WSJ: “Broken U.S. Patent System”

2 Mar ’06

From a WSJ editorial today:

The bitter legal fight over BlackBerry patents may soon inconvenience millions of users of that handheld email device. But that’s nothing compared to the damage that a broken U.S. patent system is doing to the larger American economy.

Patents are supposed to protect intellectual property and spur innovation, and once upon a time in America they did. But like everything else the legal system touches nowadays, U.S. patent law has been hijacked so that it now operates nearly in reverse, deterring research and penalizing innovation. In the last year, Microsoft, BlackBerry maker Research in Motion (RIM), and much of the wireless phone industry have been hit with adverse rulings in long-running patent cases, and they’re hardly alone. Online auctioneer eBay will soon argue a patent case of its own before the Supreme Court.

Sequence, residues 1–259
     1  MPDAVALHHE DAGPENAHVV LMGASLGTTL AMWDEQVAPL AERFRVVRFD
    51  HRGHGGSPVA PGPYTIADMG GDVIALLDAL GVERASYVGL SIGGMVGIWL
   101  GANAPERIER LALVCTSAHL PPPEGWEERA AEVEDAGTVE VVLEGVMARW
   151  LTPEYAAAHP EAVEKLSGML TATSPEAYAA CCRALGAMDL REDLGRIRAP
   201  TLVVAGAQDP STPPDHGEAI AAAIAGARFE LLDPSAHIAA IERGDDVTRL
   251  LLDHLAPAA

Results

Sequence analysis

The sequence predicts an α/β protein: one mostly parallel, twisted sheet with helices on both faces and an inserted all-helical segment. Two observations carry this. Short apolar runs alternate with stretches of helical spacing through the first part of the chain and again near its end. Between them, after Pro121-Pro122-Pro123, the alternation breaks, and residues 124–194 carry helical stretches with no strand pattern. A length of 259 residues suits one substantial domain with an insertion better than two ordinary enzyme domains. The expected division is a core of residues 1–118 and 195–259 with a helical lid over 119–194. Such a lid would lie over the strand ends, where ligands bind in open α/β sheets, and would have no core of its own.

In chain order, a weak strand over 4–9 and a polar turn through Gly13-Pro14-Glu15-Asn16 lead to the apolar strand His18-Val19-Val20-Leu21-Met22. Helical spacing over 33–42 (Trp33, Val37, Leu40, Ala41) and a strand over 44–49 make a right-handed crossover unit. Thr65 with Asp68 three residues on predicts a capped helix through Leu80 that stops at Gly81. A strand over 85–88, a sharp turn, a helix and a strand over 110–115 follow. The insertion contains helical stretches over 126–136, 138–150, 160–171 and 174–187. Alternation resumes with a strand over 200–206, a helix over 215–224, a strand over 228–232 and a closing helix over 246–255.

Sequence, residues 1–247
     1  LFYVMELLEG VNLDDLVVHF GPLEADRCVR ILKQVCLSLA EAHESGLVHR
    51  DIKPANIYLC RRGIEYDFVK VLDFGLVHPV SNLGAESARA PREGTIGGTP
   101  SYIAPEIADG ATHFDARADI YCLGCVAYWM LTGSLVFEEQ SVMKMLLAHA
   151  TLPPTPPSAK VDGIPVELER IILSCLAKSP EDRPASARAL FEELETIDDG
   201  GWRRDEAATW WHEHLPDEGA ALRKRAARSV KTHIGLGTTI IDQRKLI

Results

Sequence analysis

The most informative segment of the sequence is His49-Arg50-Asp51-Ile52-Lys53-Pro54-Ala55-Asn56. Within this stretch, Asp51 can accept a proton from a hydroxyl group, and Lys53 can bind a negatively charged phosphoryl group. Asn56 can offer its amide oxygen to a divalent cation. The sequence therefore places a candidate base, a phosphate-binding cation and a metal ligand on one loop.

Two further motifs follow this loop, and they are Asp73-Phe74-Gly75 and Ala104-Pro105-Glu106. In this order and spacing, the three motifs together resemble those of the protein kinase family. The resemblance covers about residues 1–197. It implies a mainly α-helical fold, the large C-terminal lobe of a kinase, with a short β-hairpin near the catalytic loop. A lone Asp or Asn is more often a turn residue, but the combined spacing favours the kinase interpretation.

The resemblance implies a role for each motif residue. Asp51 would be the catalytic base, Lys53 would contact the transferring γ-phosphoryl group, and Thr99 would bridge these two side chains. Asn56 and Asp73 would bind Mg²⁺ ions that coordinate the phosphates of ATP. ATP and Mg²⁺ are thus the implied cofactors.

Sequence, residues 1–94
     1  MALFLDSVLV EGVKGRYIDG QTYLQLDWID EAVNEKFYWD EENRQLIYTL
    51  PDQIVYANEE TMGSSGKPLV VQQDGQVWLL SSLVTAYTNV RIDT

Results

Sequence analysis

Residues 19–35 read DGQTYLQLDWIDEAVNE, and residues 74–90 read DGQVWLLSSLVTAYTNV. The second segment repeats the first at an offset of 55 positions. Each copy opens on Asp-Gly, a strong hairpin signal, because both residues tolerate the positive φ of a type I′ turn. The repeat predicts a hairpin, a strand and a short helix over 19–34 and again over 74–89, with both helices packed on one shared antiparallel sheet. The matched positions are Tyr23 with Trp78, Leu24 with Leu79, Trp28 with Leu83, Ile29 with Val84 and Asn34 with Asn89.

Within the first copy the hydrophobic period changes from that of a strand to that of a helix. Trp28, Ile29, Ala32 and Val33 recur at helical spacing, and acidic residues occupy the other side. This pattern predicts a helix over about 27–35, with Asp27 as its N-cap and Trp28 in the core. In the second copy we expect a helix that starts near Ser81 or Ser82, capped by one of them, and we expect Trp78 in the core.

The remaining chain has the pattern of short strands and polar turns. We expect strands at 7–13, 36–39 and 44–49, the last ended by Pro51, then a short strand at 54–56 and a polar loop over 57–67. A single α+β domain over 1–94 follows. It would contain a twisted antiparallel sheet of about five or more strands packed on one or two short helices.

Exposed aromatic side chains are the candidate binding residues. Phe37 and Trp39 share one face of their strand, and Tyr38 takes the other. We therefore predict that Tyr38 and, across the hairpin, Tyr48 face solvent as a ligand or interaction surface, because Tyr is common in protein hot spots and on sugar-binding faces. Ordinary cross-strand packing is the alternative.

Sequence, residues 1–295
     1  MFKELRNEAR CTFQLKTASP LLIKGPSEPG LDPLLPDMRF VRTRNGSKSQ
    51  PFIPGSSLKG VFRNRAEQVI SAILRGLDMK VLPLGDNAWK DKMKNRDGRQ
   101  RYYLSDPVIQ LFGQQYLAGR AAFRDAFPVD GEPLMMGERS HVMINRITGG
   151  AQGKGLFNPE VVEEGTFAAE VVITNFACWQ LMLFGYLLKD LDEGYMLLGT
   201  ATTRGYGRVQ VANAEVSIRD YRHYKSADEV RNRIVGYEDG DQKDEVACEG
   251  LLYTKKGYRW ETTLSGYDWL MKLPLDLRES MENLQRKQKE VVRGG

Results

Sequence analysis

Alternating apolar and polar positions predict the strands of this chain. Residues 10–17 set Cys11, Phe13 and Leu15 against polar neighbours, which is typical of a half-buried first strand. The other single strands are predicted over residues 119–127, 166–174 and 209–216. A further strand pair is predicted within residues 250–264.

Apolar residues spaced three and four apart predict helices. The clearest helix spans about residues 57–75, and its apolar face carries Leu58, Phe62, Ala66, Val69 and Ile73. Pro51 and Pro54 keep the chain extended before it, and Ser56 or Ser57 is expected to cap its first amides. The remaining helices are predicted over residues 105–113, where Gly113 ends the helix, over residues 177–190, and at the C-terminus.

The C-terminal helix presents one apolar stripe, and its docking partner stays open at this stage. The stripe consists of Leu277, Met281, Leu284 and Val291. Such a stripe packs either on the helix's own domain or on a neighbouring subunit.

Testifying before Congress last June, Josh Lerner, a Harvard Business School professor, summed up the problem: “In the past two decades, the U.S. has strengthened patent rights, while weakening the standards for granting patents.” The result is that the patent system is fast becoming a detriment to U.S. competitiveness, not to mention basic fairness. So if your BlackBerry ever does go dark, don’t curse the company. Blame the lawyers.

Update: the article is attracting considerable controversy among patent law bloggers. Dennis Crouch has a summary and links.

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